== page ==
In other news I placed in the top 10 of the Farnham Flash Festival Flash Fiction Competition – the winning story was from a fellow Rushmoor Writer and way better than mine. Also my current work in progress is now at 65k.

Guest Blogger – Jesse Teller

I’m handing over this blog entry to a very talented writer whose work I would urge you all to check out. Ladies and Gentlemen, I give you the winner of the 2017 Drunken Druid Book Award, Mr Jesse Teller.

 

The Timeless Enemy
by Jesse Teller

When I was a boy, my parents took me to the movies. This was back when we had no money. No money at all. We had to fight to get food on the table and we were always strapped. Well somehow, my parents found the money and the time to take us to the movies, and I saw Sleeping Beauty.
I don’t remember much at all. Colors, I think, is all I could take away from it. I was about six and I had no recollection of the story or the images really, but I do remember very distinctly the dragon. I remember the colors, the breath, and the black. I remember this tiny man striving to fight it, and the way it seemed impossible. I remember thinking no force in the world could rival a dragon, and that is all I took from it.
Years later, I was watching TV in the morning on a Saturday, and I saw Bilbo Baggins take the first steps of his journey. The artistry of it consumed me, the way those particular animation artists moved the characters across the screen. They were the same animators that did The Last Unicorn and I will never forget the way they drew the line. The movie The Hobbit was fun until Bilbo and I found ourselves at the feet of Smaug.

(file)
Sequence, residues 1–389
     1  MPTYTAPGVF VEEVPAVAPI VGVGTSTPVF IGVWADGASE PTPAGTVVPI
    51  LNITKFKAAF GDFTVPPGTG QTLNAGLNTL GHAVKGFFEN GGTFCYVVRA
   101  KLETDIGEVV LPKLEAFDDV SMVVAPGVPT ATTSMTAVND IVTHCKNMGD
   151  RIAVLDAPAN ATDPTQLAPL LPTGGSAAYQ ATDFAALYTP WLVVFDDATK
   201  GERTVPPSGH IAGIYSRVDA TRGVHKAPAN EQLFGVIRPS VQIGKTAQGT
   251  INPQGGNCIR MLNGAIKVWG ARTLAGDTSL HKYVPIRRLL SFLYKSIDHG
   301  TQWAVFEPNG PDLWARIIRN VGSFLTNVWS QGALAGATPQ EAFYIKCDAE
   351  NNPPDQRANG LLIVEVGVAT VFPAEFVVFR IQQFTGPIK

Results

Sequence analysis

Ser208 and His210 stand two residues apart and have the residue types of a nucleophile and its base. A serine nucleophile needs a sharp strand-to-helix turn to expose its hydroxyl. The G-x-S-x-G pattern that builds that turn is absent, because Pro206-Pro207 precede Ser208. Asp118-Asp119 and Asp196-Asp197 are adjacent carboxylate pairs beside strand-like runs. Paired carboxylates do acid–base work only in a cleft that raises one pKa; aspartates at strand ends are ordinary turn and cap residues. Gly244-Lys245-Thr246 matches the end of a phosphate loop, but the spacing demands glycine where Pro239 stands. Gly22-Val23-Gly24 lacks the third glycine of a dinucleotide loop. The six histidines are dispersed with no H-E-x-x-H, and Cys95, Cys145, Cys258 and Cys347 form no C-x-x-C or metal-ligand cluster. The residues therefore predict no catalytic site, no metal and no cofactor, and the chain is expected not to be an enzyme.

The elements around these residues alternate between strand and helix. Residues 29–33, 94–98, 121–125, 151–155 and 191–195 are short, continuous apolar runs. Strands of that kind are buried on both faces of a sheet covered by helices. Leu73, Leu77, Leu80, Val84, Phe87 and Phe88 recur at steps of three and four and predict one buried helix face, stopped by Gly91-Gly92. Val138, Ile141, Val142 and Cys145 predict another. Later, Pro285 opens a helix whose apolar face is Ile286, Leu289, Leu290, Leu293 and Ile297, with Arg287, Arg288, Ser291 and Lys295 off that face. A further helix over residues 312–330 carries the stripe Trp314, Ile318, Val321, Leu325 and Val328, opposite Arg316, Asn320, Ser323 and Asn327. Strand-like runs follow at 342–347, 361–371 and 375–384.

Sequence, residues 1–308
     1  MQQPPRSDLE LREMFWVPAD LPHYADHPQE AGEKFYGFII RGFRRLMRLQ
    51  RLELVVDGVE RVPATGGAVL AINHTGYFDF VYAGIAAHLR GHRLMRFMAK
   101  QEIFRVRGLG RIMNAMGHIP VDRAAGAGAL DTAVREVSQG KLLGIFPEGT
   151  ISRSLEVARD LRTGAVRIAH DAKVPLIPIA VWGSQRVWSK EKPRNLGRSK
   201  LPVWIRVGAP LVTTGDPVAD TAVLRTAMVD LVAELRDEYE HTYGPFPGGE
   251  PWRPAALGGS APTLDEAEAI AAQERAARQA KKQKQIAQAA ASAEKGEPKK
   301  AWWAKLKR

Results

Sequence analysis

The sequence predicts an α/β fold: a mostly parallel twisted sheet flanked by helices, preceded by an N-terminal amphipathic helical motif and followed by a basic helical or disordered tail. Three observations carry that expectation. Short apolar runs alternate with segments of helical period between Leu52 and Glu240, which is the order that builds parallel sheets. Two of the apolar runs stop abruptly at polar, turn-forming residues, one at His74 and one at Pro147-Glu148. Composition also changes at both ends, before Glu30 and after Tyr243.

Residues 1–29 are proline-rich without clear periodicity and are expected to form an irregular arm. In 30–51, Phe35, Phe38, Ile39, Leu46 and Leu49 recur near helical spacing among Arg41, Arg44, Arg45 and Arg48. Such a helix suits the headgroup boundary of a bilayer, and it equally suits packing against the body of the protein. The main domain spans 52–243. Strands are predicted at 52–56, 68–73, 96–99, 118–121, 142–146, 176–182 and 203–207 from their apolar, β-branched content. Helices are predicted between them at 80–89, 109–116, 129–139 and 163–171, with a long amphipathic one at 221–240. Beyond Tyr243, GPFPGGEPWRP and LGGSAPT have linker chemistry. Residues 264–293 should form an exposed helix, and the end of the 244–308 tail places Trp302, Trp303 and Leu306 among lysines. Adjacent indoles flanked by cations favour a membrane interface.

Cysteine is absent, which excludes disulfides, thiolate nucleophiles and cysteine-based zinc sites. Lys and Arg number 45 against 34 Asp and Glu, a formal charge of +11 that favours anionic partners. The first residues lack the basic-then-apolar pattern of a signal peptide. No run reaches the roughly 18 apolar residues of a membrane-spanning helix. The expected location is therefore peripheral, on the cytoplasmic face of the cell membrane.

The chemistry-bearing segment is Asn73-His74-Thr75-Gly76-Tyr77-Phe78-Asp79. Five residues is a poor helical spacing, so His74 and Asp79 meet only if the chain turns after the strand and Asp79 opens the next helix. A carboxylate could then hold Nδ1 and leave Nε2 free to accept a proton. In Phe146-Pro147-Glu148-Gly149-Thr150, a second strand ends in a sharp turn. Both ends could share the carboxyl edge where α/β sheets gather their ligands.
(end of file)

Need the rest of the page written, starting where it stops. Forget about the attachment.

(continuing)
So huge that dragon was, nothing Bilbo could do could ever stack up. There was no weapon to grasp to bring death to that monster. No hope, however slight, could be held when the idea of fighting that beast was at hand.
I do not accept the death Tolkien gave to his god of dragons. It is too convenient, too simple. No one arrow ever made could take down the beast I saw in that cavern, no matter how well shot, no matter the target.
I remember thinking if ever a power could exist that could rival a being that great, it would have to be me who found it. No other creator could reach within and pluck out the shred of hope that stood up to a creature so mighty.
Well, of course, I was wrong. Writers and artists have been killing dragons as long as dragons have been around. St. George cast one down centuries before I was born, and people have been doing it ever since. But Smaug stayed supreme in my mind, a creature of such immense power that no one dare stand before him had they not a ring of power.
So then I set to work. I began, time after time, crafting a hero or heroine strong enough to crush the monumental monsters of my mind. Soon wizards. Then warriors. Then one after the next, I began to put together an army of people and beings so invincible that they could stand up to Smaug. They could face the Nefarious, the Tempest and the Wrath of the greatest forces of darkness that any mind could find. Any mind anywhere. With this devotion to craft and heart of a creator, I plumbed the darkness within my mind to find magic.
When I hit teenage years, I wanted warriors. Arislan, Aragorn. Caramon Majere. I found Mycenae Kark and Sai Sibbius Summerstone. One after the next, I sought and found one swords smith, then another, to battle the monoliths of my mind. Twenties found assassins. Thirties, barbarians. One great hero after the next filled my mind, always with one goal in sight.
Crush Smaug.
Pulverize the immense. Bring down the invincible. I write high fantasy. If that means I am not grimdark, then so be it.
There is a boy in here, deep where no one can find him. He is fighting a monster, a monster deeply rooted in the fiber of his mind. That little boy will not let me go small. He has a nemesis. He has a nightmare, and one after the other, he will pump out the mighty and the brave to bring it down. I have never killed Smaug. He is, as far as, I know unkillable.